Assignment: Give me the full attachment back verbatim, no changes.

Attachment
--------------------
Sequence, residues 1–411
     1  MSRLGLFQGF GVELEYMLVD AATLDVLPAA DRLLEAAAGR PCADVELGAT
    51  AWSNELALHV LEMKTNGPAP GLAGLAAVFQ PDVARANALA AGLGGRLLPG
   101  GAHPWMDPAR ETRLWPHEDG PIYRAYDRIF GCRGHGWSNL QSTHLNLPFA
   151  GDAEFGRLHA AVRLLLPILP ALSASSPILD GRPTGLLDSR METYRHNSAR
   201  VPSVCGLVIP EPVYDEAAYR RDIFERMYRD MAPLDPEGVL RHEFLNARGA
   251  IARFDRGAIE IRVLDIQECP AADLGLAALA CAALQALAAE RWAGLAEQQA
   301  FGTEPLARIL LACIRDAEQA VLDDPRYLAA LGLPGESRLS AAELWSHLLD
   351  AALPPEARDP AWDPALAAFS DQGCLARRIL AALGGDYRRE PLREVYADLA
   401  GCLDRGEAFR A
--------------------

Sequence, residues 1–411
     1  MSRLGLFQGF GVELEYMLVD AATLDVLPAA DRLLEAAAGR PCADVELGAT
    51  AWSNELALHV LEMKTNGPAP GLAGLAAVFQ PDVARANALA AGLGGRLLPG
   101  GAHPWMDPAR ETRLWPHEDG PIYRAYDRIF GCRGHGWSNL QSTHLNLPFA
   151  GDAEFGRLHA AVRLLLPILP ALSASSPILD GRPTGLLDSR METYRHNSAR
   201  VPSVCGLVIP EPVYDEAAYR RDIFERMYRD MAPLDPEGVL RHEFLNARGA
   251  IARFDRGAIE IRVLDIQECP AADLGLAALA CAALQALAAE RWAGLAEQQA
   301  FGTEPLARIL LACIRDAEQA VLDDPRYLAA LGLPGESRLS AAELWSHLLD
   351  AALPPEARDP AWDPALAAFS DQGCLARRIL AALGGDYRRE PLREVYADLA
   401  GCLDRGEAFR A